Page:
Baghdad, Iraq Iraq's army said Monday it killed the leader of a heavily armed cult of messianic Shiites in a fierce gunbattle aimed at foiling an attack on leading Shiite clerics and pilgrims in the city of Najaf on the holiest day of the Shiite calendar.
Senior Iraqi security officers said three gunmen of "the Soldiers of Heaven" cult were captured in Najaf after renting a hotel room in front of the office of Iraq's most senior Shiite spiritual leader, Grand Ayatollah Ali al-Sistani, with plans to attack it.
The 24-hour battle ultimately was won by Iraqi troops supported by U.S. and British jets and American ground forces. But the ability of a splinter group little known in Iraq to rally hundreds of heavily armed fighters was a reminder of the potential for chaos and havoc emerging seemingly out of nowhere.
Members of the group, which included women and children, planned to disguise themselves as pilgrims and kill as many leading clerics as possible, said Maj. Gen. Othman al-Ghanemi, the Iraqi commander in charge of the Najaf region.
The cult's leader - wearing jeans, a coat and a hat and carrying two pistols - was among those who died in the battle, al-Ghanemi said. Although he went by several aliases, he was identified as Dia Abdul Zahra Kadim, 37, from Hillah, south of Baghdad, according to Abdul-Hussein Abtan, deputy governor of Najaf. Kadim had been detained twice in the past few years, Abtan said.
The U.S. military said Iraqi security forces were sent to the area Sunday after receiving a tip that gunmen were joining pilgrims headed to Najaf for Ashoura, a commemoration of the seventh-century death of Imam Hussein, grandson of the Prophet Muhammad. The major religious festival culminates today.
The gunmen had put up tents in fields lined with date palm groves surrounding Najaf, 100 miles south of the capital. They planned to launch their attack Monday night when Ashoura celebrations would be getting under way, the Iraqi security officers said on condition of anonymity because they were not authorized to disclose the information.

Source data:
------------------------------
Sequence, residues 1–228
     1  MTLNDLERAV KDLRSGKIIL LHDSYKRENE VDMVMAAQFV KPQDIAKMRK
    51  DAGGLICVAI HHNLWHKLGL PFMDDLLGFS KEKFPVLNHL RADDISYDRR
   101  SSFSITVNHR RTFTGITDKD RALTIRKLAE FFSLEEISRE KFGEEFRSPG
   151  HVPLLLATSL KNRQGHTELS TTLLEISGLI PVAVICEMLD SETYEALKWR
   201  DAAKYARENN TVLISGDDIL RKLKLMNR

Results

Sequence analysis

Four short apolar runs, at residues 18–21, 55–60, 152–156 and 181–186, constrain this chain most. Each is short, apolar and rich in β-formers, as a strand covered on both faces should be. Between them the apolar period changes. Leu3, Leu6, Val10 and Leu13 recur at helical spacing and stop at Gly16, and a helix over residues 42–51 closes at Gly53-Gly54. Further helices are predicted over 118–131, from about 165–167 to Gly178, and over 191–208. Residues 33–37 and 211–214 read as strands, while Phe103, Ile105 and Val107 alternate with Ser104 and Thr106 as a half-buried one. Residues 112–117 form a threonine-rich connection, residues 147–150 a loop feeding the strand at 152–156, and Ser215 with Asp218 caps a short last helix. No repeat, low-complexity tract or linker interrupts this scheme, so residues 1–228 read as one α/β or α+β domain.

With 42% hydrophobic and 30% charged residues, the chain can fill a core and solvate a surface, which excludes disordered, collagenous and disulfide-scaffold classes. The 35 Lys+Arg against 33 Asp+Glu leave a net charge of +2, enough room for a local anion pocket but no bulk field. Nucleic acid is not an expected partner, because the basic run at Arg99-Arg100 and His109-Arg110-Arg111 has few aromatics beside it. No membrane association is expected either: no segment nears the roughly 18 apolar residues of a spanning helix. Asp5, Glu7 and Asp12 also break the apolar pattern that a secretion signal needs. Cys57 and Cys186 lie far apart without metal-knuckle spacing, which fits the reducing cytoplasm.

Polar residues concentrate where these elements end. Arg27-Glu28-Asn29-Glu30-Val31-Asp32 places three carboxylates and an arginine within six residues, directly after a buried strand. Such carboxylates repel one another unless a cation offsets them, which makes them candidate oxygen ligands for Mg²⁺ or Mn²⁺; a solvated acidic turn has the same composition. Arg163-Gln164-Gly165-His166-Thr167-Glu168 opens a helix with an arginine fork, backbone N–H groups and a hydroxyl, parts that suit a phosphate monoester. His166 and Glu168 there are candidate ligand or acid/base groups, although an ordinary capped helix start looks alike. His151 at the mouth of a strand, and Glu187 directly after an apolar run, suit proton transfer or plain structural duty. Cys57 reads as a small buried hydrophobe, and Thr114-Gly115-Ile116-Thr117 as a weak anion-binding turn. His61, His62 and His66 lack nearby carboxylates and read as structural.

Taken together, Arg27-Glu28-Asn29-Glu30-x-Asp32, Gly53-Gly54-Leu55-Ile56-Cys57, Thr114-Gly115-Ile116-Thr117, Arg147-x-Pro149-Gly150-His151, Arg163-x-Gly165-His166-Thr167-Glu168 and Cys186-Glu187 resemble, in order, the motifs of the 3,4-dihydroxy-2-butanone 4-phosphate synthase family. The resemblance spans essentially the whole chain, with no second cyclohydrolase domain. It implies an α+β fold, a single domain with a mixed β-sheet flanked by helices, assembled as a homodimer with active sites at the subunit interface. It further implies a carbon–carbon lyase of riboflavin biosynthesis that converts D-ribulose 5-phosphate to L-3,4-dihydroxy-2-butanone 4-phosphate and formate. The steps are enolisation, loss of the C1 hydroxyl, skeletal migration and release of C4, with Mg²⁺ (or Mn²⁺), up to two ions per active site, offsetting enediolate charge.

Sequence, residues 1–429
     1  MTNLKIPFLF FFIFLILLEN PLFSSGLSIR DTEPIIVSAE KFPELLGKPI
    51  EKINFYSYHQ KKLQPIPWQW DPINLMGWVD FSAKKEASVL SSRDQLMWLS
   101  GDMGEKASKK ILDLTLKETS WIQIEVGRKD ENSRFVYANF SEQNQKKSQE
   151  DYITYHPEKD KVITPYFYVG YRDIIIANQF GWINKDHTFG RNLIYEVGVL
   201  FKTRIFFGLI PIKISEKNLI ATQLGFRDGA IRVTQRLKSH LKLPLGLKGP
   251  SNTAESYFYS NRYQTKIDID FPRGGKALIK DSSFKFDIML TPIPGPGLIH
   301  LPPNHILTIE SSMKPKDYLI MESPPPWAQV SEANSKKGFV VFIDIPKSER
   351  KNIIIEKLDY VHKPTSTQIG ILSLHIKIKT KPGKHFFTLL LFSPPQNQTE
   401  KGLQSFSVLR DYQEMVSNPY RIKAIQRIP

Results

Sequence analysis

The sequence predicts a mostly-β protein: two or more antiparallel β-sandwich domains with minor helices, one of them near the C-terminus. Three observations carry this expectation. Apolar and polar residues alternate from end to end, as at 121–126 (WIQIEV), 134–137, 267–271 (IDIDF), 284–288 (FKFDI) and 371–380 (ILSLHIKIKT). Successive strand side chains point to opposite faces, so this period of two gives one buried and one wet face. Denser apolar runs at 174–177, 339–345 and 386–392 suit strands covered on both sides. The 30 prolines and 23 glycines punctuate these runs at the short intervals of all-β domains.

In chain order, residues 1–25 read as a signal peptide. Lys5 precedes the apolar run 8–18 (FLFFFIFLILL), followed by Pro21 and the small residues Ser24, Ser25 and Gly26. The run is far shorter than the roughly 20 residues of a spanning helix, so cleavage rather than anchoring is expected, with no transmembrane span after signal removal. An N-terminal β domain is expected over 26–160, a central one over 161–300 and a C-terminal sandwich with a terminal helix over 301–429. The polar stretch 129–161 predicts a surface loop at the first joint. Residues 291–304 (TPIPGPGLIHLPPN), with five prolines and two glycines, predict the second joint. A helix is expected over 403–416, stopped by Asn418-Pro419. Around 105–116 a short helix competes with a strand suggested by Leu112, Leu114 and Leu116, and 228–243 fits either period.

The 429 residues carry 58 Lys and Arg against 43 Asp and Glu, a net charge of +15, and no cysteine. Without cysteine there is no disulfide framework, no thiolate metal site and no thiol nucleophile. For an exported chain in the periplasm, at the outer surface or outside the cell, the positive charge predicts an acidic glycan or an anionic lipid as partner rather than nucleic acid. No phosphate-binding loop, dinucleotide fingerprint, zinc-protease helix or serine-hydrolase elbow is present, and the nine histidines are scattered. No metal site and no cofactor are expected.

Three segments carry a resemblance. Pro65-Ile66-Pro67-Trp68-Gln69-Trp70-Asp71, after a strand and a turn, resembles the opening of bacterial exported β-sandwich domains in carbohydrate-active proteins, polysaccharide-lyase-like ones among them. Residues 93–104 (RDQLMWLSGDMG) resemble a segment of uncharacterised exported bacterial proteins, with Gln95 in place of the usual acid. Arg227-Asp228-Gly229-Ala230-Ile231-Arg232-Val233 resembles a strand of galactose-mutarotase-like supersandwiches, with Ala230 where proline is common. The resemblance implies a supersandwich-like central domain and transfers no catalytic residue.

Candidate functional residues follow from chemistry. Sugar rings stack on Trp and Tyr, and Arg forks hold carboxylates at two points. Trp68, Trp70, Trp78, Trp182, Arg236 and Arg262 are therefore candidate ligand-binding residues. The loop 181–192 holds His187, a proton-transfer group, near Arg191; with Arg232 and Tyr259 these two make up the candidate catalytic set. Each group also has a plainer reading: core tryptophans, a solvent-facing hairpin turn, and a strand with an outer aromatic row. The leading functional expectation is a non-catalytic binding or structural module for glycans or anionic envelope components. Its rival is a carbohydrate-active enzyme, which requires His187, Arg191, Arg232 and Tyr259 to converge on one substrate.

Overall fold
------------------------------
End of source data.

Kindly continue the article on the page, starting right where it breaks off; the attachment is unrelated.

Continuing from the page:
As of Monday, at least 3,084 members of the U.S. military have died since the beginning of the Iraq war in March 2003, according to an Associated Press count.
In the battle to foil the attack on the pilgrims, Iraqi and U.S. forces faced off against more than 200 gunmen with small arms fire, rocket-propelled grenades and hand grenades, the U.S. military said. The battle took place about 12 miles northeast of Najaf.
The American military said U.S. air power was called in after the Iraqis faced fierce resistance. American ground forces also were deployed after small arms fire downed a U.S. helicopter, killing two soldiers.
U.S. and British jets played a major role in the fighting, dropping 500-pound bombs on the militants' positions, but President Bush said the battle was an indication that Iraqis were beginning to take control.
"My first reaction on this report from the battlefield is that the Iraqis are beginning to show me something," Bush said Monday on National Public Radio.
The U.S. military said more than 100 gunmen were captured but it did not say how many were killed. Iraqi defense officials, by contrast, said 200 militants were killed, 60 wounded and at least 120 captured.
Iraqi officials said Sunni extremists and Saddam Hussein loyalists were helping the cult in its bid to ambush Shiite worshippers.
Al-Ghanemi said the area where the men were staying was once run by Saddam's al-Quds Army, a military organization the late president established in the 1990s.
"What we want to know is where they bought all these weapons," al-Ghanemi said, adding that the army seized some 500 automatic rifles in addition to mortars, heavy machine guns and Russian-made Katyusha rockets.